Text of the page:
I have no doubt that American soldiers are doing whatever they can, or are allowed to do, to help make life better for the people of Kosovo. However, the rosy picture the writer paints does not reflect the fact that although Serbs once were the majority in Kosovo, Serbian culture, society, language and religion are being eradicated. Of the latest disturbance in March of this year, which the writer briefly mentions, the National Review Online of March 19 writes, “A pogrom started in Europe on Wednesday. A U.N. official is quoted as saying that Kristallnacht is under way in Kosovo. Serbs are being murdered and their 800 year old churches are aflame. Much of the Christian heritage in Kosovo and Metohija is on fire and could be lost forever.” In fact, more churches have been destroyed since NATO’s Kosovo Force entered Kosovo than under 400 years of occupation by the Ottoman Turks.

Is this what the author calls a success in Kosovo, a model for Iraq? Deutsche Welle wrote on Nov. 15: “In Kosovo, human trafficking paid for much of the fighting. For the first time this year … the world wide profits from human trafficking will exceed those of the drug trade.” The Washington Times’ own Jerry Seper reported as early as 1999, “Some members of the Kosovo Liberation Army (KLA), which has financed its war efforts through the sale of heroin, were trained in terrorist camps run by international fugitive Osama bin Laden.”

In November 2001, a Wall Street Journal Europe article said that in the past 10 years, al Qaeda’s most senior leaders visited the Balkans. Osama bin Laden himself did three times between 1994 and 1996. While the Clinton administration underwrote the Bosnian Muslim government of Alija Izetbegovic, his embassy in Vienna gave bin Laden a passport in 1992.

Why did we go to war against the Serbian people? As Cliff Kincaid of Accuracy in Media wrote on Feb. 19, “Clinton went to war on behalf of the Muslims, in Bosnia and then Kosovo. He wanted to appease the powerful Arab/Muslim bloc of nations and the Europeans who wanted to call the shots on U.S. foreign policy.”

The first commander of U.N. troops in Bosnia, Canadian Gen. Lewis MacKenzie, wrote on April 6 in the Canadian National Post, “We bombed the wrong side.” He continued: “The Kosovo-Albanians have played us like a Stradivarius. We have subsidized and indirectly supported their violent campaign for an ethnically pure and independent Kosovo. We have never blamed them for being the perpetrators of the violence in the early ‘90s, and we continue to portray them as the designated victim today in spite of evidence to the contrary. When they achieve independence with the help of our tax dollars combined with those of bin Laden and al-Qaeda, just consider the message of encouragement this sends to other terrorist-supported independence movements around the world.”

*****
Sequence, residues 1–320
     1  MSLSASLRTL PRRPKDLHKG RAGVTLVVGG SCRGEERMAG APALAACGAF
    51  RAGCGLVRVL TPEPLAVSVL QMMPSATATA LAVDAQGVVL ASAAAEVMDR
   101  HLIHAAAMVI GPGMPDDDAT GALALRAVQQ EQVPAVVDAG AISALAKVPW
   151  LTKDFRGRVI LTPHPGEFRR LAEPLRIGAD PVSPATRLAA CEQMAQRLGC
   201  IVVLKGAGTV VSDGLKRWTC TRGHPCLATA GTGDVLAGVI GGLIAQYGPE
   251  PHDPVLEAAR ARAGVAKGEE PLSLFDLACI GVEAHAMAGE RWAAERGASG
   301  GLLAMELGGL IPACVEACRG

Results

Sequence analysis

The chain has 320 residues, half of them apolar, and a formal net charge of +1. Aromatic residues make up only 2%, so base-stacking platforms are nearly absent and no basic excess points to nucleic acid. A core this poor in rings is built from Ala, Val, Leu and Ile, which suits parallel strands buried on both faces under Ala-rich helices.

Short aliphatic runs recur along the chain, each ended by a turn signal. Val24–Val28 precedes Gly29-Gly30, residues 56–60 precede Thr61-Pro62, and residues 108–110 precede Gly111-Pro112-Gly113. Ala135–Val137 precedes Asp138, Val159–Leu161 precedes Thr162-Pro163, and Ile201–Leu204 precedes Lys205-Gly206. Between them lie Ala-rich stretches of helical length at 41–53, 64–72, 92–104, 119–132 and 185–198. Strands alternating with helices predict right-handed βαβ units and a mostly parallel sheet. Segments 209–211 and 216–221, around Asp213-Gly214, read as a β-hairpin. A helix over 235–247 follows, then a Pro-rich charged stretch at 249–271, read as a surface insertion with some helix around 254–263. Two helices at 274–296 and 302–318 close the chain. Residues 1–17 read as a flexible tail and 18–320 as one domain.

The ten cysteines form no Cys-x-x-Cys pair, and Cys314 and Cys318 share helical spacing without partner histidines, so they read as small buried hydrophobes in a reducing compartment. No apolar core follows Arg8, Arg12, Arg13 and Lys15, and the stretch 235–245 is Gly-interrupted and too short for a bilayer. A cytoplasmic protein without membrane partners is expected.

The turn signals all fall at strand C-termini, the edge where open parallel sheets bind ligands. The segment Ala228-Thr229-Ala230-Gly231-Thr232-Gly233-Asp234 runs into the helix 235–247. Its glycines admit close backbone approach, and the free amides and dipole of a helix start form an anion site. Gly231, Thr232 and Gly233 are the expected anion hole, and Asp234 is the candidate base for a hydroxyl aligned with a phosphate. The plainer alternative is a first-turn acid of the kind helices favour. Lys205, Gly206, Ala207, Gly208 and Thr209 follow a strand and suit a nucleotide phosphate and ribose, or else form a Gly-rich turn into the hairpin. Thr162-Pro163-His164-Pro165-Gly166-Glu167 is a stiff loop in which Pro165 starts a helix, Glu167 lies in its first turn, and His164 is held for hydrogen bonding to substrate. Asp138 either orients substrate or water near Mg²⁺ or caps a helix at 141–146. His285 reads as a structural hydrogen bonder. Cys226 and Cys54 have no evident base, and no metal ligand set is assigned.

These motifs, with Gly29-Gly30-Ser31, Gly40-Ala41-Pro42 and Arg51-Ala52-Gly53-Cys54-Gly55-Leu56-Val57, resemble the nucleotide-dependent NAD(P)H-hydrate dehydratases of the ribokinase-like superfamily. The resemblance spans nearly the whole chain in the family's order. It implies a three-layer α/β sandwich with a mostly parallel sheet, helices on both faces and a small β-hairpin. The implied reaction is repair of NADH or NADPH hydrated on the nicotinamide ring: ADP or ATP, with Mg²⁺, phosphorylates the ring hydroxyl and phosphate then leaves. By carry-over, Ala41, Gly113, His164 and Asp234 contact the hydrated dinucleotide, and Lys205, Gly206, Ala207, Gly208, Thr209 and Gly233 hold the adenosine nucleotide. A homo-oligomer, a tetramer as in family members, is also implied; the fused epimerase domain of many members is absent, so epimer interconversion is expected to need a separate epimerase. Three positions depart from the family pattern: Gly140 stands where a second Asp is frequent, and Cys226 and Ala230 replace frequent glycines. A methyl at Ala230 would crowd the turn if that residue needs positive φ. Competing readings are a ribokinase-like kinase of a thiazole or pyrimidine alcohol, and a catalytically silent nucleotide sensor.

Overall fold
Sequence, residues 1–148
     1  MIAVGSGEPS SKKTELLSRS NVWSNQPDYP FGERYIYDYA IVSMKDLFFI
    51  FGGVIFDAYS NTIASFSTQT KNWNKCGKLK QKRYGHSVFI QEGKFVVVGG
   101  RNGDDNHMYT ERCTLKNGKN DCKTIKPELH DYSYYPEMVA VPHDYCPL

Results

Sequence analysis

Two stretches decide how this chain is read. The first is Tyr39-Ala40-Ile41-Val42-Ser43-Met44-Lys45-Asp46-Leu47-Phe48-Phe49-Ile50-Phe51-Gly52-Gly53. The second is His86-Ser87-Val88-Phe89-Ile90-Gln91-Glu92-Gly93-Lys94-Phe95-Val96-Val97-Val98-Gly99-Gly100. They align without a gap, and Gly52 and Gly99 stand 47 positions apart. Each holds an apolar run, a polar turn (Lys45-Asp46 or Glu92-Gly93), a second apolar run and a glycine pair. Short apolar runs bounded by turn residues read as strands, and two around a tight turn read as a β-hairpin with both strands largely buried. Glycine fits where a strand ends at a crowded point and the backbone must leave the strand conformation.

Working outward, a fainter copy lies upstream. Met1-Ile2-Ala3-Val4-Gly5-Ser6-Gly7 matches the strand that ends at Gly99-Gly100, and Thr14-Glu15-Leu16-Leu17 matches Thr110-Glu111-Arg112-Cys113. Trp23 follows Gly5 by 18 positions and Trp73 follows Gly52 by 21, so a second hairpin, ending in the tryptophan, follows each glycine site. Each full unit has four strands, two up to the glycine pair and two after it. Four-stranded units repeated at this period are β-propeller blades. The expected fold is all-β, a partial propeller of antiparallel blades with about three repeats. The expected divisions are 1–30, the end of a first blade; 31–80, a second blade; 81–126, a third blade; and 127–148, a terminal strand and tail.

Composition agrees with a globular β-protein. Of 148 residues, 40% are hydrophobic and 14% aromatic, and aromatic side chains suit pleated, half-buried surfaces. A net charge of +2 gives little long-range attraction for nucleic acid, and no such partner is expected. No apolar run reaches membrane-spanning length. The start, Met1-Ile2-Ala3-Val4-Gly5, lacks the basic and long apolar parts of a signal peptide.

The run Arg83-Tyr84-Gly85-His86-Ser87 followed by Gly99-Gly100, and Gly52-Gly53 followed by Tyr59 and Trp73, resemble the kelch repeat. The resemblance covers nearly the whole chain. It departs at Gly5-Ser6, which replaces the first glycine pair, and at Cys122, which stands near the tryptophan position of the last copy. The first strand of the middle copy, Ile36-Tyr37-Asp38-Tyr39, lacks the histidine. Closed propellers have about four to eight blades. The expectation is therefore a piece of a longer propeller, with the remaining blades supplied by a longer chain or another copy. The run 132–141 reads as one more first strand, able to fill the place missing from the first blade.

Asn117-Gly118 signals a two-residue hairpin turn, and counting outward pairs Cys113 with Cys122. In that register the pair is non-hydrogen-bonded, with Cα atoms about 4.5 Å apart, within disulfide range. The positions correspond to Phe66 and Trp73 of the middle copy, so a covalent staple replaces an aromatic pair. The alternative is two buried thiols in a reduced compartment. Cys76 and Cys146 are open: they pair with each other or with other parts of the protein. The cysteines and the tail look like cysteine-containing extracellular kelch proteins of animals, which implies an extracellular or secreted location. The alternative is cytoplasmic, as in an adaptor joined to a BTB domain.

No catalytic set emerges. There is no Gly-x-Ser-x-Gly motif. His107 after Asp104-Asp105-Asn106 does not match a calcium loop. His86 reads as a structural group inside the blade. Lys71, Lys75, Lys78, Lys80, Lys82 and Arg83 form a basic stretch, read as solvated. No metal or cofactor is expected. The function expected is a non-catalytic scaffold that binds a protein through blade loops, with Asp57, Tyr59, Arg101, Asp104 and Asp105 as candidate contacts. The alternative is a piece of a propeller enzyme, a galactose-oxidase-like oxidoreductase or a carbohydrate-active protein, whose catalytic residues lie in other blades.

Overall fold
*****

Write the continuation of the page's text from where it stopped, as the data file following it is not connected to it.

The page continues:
Our soldiers are to be commended for trying to bring comfort to those suffering today because of the policies of the Clinton administration. But make no mistake: Because of Mr. Clinton’s policies in the Balkans, Bosnia has become al Qaeda’s corridor into Europe, and we have handed Kosovo over to the KLA terrorists.

Yet Mr. Clinton, in his book “My Life,” has the audacity to call Kosovo a success.

STELLA L. JATRAS

Camp Hill, Pa.

Mr. Kim: Get rid of your nukes

At last, President Bush forcefully tells Kim Jong-il to “get rid of your nuclear-weapons program” (“Bush touts allied unity on nukes,” Page 1, Nov. 21). But will Mr. Bush back up his tough rhetoric with a credible threat of force if Mr. Kim continues to stall and remains defiant? Several years ago, Mr. Bush stated that he would not tolerate a nuclear North Korea. Meanwhile, Pyongyang continues building nukes and becomes more dangerous after each fruitless round of multiparty negotiations.

This axis-of-evil nuclear threat needs to be confronted quickly. More delay only makes matters worse. We can be sure continual White House dithering on resolving this nuclear crisis places the entire free world in jeopardy.

MICHAEL MARK

Warwick, Pa.